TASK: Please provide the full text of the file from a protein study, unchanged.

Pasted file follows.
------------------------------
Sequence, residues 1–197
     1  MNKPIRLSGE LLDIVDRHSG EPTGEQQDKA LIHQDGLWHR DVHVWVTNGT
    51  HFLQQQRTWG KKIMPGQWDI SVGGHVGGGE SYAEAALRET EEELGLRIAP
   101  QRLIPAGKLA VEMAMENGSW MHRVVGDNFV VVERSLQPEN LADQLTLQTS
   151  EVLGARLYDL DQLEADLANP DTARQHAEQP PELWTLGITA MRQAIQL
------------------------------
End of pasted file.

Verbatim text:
Sequence, residues 1–197
     1  MNKPIRLSGE LLDIVDRHSG EPTGEQQDKA LIHQDGLWHR DVHVWVTNGT
    51  HFLQQQRTWG KKIMPGQWDI SVGGHVGGGE SYAEAALRET EEELGLRIAP
   101  QRLIPAGKLA VEMAMENGSW MHRVVGDNFV VVERSLQPEN LADQLTLQTS
   151  EVLGARLYDL DQLEADLANP DTARQHAEQP PELWTLGITA MRQAIQL